A Call To Demand Accountability For The Killings In NNigeria

By Gloria Mabeiam Ballason Esq

By show of hands, how many people are tired of the blood letting in Nigeria? I see hands from the North, South,East, West, Middlebelt, South-south…more hands are going up… that’s about every conscientious human in Nigeria right now. And how many people are willing to do something to stop the killings or demand for accountability or at least learn what little they can do to reinforce human dignity in Nigeria? Please click on the link if you fall in any two or all of the categories mentioned.

In 2019, I along with 21 other conscientious citizens across very troubled countries of the world (Iran, Iraq, Afghanistan, South Sudan, Philippines, Jammu Kashmir, Lebanon, Gambia, Nigeria, Kenya, USA, Algeria, Columbia,Kenya etc) gathered in the Spanish-speaking country of Guatemala where we were hosted by the Forensic Anthropology Foundation of Guatemala (FAFG). The team at the FAFG led by an outstanding man, Mr. Fredy Peccerelli, use DNA, archeology and story telling to find the bodies of those killed during the 30-year civil war in the country and to demand justice for the victims.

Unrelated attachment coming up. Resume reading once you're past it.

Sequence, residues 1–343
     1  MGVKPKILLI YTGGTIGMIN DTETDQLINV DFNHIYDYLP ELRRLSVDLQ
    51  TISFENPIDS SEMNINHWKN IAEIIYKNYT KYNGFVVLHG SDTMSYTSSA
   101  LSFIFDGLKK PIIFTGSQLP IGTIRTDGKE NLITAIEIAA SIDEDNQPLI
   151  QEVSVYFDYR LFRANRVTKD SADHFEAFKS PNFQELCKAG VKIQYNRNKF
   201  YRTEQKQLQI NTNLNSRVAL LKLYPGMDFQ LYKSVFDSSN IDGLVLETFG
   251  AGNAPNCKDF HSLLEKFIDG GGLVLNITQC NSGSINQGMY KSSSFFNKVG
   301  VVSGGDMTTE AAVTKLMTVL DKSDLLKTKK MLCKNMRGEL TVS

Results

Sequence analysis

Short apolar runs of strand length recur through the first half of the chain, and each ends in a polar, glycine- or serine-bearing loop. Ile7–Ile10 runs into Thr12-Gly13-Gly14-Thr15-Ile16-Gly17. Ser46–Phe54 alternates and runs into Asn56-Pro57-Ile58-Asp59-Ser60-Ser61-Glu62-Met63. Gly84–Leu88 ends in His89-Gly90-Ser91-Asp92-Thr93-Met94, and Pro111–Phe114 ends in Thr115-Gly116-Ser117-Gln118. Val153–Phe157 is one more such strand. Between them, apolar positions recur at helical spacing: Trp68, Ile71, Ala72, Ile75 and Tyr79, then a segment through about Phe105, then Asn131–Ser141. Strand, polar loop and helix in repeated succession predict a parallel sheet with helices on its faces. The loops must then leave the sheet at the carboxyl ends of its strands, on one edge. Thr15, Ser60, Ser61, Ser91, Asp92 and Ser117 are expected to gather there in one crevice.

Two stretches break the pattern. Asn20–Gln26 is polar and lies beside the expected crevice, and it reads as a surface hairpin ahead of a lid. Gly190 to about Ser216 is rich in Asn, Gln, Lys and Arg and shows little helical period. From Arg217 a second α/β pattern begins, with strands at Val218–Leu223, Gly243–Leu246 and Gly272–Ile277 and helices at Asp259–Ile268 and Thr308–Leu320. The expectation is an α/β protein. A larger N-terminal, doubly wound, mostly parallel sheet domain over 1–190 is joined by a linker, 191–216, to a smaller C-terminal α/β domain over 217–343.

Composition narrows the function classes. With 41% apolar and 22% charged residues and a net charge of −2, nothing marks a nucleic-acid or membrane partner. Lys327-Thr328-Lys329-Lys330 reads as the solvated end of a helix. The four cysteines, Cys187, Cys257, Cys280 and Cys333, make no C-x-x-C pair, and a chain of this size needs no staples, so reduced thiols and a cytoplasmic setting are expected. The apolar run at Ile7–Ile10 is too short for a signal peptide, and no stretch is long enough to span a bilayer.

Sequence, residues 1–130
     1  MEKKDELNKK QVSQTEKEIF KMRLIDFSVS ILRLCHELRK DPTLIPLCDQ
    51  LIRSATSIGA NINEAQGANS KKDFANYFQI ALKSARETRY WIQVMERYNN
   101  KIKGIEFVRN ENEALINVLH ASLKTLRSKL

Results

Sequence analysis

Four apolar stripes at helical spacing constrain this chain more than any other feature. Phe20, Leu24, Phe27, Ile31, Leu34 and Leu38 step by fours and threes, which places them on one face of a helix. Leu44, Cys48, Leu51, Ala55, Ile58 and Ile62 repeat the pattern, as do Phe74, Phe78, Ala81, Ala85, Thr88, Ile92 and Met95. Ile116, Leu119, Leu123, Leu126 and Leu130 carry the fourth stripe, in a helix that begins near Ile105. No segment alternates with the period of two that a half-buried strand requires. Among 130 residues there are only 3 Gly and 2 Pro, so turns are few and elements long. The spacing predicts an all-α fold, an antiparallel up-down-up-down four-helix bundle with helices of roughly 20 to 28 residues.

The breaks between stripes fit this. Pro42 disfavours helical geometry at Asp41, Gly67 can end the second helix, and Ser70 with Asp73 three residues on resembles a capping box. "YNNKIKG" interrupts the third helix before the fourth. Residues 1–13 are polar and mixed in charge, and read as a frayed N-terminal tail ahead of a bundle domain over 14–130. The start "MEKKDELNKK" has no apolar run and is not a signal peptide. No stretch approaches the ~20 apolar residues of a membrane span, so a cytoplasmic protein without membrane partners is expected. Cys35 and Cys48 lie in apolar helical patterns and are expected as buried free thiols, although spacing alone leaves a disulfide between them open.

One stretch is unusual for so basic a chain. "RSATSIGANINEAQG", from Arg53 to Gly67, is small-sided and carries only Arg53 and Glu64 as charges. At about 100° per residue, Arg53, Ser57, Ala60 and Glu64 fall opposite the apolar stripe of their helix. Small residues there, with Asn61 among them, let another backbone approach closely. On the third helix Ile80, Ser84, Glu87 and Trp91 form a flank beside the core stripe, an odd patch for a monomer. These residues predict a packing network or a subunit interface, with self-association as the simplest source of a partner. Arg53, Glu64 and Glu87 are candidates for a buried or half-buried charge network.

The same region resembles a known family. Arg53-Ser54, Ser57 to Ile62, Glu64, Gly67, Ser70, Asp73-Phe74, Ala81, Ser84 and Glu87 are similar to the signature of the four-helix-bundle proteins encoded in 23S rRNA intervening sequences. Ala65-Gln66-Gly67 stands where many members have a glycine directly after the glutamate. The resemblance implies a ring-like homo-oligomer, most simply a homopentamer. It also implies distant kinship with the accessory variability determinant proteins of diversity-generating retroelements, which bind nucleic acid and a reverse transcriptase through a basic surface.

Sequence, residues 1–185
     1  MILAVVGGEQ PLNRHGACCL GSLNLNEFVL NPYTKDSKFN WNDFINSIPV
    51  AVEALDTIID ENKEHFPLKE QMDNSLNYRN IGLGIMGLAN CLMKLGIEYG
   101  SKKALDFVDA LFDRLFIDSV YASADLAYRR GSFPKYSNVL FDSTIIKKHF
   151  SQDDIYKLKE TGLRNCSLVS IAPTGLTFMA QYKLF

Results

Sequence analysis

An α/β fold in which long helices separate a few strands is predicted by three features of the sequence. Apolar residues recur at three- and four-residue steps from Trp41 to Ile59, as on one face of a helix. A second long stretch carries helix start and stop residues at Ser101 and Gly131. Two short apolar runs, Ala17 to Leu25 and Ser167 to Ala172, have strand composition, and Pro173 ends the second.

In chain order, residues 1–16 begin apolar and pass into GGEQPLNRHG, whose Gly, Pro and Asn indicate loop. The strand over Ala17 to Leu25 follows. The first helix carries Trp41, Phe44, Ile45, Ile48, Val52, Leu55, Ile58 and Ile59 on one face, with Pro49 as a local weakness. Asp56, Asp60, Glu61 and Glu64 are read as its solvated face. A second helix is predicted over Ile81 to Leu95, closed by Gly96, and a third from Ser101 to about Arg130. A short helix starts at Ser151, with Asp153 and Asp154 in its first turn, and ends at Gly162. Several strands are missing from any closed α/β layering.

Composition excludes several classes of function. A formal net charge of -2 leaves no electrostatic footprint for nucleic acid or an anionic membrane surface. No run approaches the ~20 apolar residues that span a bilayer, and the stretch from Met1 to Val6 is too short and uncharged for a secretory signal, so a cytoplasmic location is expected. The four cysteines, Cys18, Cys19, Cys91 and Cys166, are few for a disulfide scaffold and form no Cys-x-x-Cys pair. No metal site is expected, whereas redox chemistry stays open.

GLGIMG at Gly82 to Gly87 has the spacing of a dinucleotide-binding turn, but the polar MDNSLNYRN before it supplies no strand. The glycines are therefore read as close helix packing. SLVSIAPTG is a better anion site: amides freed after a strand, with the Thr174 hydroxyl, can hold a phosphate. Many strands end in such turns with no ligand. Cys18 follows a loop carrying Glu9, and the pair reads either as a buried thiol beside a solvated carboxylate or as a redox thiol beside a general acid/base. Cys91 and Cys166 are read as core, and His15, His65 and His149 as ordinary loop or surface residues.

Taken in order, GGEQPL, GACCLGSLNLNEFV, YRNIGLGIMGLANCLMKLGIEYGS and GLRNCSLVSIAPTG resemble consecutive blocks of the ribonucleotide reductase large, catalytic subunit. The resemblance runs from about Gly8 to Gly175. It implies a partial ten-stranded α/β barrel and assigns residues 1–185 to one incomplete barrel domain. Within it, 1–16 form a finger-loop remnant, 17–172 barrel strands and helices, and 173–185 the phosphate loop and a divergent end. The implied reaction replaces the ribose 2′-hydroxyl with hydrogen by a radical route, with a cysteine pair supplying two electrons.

On Thursday 25 June, 2020, Mr. Fredy Peccerelli will be the Keynote Speaker at the House of Justice powered 2020 Molluma Medico-Legal conference here in Nigeria. His is a remarkable story of a citizen who is leading the fight for the entrenchment of human dignity even if it means excavating the evidence from DNA or human bones.

The theme for the Accountability conference coming up in just about four days time is: From Atrocity to Closure: Managing Victims and Deploying Forensics in the Aftermath of a Killing. A faculty of experts from Nigeria and abroad will provide insight on how Nigerian citizens can move towards accountability rather than just bemoan their fate at the virtual event. They include, Mrs. Osai Ojigho, the Country Director of Amnesty International, Mr. Khurram Parvez, the Chairman Asia Federation Against Involuntary Disappearance and Peter Kiama Esq, the Executive Director of the Independent Medico Legal Unit in Kenya. Ahmad Salkida, the Nigerian citizen who has worked tirelessly on the issue of insurgency in the North East and doubles as Editor in Chief,HumAngle will also speak at the event just as Abiodun Baiyewu, the cerebral and articulate Country Director, Global Rights. The event is not business as usual but a citizens movement who are willing to put their feet to their mouth in demanding an end to the killings in Nigeria.